DCG

Warnings of rate hikes as Oregon becomes 1st state to kill coal

consequences

From Fox News: The massive coal-fired plant in Boardman, Ore., is just four years away from being shut down for good – at that point, Oregon coal production will be no more, after the state became the first in the nation to completely ban coal power.

The mandate, signed into law earlier this year, was the result of an environmentalist-fueled push by the Democrat-controlled legislature. Under the plan, coal production will end once the Boardman plant shutters in 2020 – utilities would still be able to buy coal power from out of state for another 10 years, until a 2030 deadline to end coal use entirely.

But the phase-out already has groups warning that residents are headed for big rate increases and brownouts. “This is basically a wind mandate,” said the Cascade Policy Institute’s John Charles, while suggesting alternative energy sources won’t be able to meet the state’s needs. “There’s no way wind can physically power the grid because days, weeks on end, wind produces zero.”

Coal has been in decline for years. In 2005, coal made up 51 percent of the electricity used in the U.S. Last year, it met 40 percent of the need.

In Oregon, coal power still fills one-third of the electricity demand. Despite a building boom, renewables such as wind and solar power make up just 8 percent of the electricity portfolio.

The major utilities supported the coal ban even though officials can’t say for sure how they’ll keep the lights on. They feared a ballot initiative that would have been even less flexible.

say what

“If the cost of meeting this renewable standard is too high for customers, we don’t have to meet it,” said Ryerson Schwark, a spokesman for PacifiCorp. “If meeting it will impact the reliability of the grid, we don’t have to meet it.”

A major problem could be getting any new power to the grid. A U.S. Chamber of Commerce report, titled “Project No Project,” found 351 recent ventures that never got built — 140 of the projects were for renewable power. Many were killed due to legal challenges from environmental groups.

Bill Kovacs, from the U.S. Chamber of Commerce, said there are 42,000 pages of federal environmental regulations‎. Virtually anything you can find that’s in federal law that isn’t being complied with can be used as the basis of a lawsuit to stop the project,” Kovacs said.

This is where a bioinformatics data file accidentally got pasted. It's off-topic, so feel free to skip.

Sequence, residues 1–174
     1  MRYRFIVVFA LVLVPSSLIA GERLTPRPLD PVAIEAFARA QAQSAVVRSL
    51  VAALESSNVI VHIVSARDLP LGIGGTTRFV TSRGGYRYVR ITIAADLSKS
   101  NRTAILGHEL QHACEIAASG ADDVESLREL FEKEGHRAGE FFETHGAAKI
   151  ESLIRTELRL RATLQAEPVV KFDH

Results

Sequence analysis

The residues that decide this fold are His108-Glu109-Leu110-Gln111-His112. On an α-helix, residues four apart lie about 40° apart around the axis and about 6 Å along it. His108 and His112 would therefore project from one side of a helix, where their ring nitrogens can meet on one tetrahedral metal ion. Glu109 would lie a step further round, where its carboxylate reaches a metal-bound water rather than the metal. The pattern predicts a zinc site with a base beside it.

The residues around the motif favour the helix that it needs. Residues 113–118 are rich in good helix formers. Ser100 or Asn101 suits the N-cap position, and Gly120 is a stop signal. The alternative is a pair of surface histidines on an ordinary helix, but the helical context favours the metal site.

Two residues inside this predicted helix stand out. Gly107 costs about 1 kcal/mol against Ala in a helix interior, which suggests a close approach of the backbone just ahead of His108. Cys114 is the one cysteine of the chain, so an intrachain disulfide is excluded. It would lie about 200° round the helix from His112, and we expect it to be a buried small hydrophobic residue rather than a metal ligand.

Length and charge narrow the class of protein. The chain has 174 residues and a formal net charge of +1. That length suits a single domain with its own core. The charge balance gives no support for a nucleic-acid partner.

bang head here

One example of this is playing out in Oregon, where renewable power has become more critical due to the coal ban. The 133-turbine, 399 MW Saddle Butte Wind Park proposed for a large piece of land in Eastern Oregon near Boardman has been under challenge for several years. The developer, fed up with the lengthy process, has stopped paying $30,000 in fees he owes the state. 

Irene Gilbert of Friends of Grand Rhonde Valley, which is fighting the project, sums up the growing wind farm fatigue. “When they’re done, there will be nowhere for animals or people to be in eastern Oregon without living under a wind turbine,” she said.

But some still defend the push to end coal power. “The people of Oregon were very interested in saying, ‘hey, let’s find a way to get rid of coal,'” said Cliff Gilmore of Renewables Northwest.

DCG

Rising of patients seriously hurt by NHS blunders: More than 6,000 incidents were recorded last year

NHS

From Daily Mail: A patient is treated by the NHS every 90 minutes following a serious medical blunder. More than 6,000 incidents involving accidental cuts, punctures, perforations or haemorrhages were logged last year – three times the rate of 2005.

Campaigners say that poor training and inadequate staffing levels explain the mistakes. Senior doctors have warned the cash-strapped NHS is heading into an ‘extremely difficult autumn’. Hospitals have been told to cancel thousands of non-urgent procedures. The medical blunders make the financial pressures worse by extending hospital stays and encouraging compensation payouts.

The figures released earlier in the week reveal 6,082 incidents of patients needing NHS treatment following a blunder in English hospitals last year.  This compares with 2,193 ten years ago, according to NHS Digital, the official health statistics unit. The bill for compensation stood at £1.48billion last year, a 27 per cent increase on 2014, accounts for the NHS Litigation Authority show.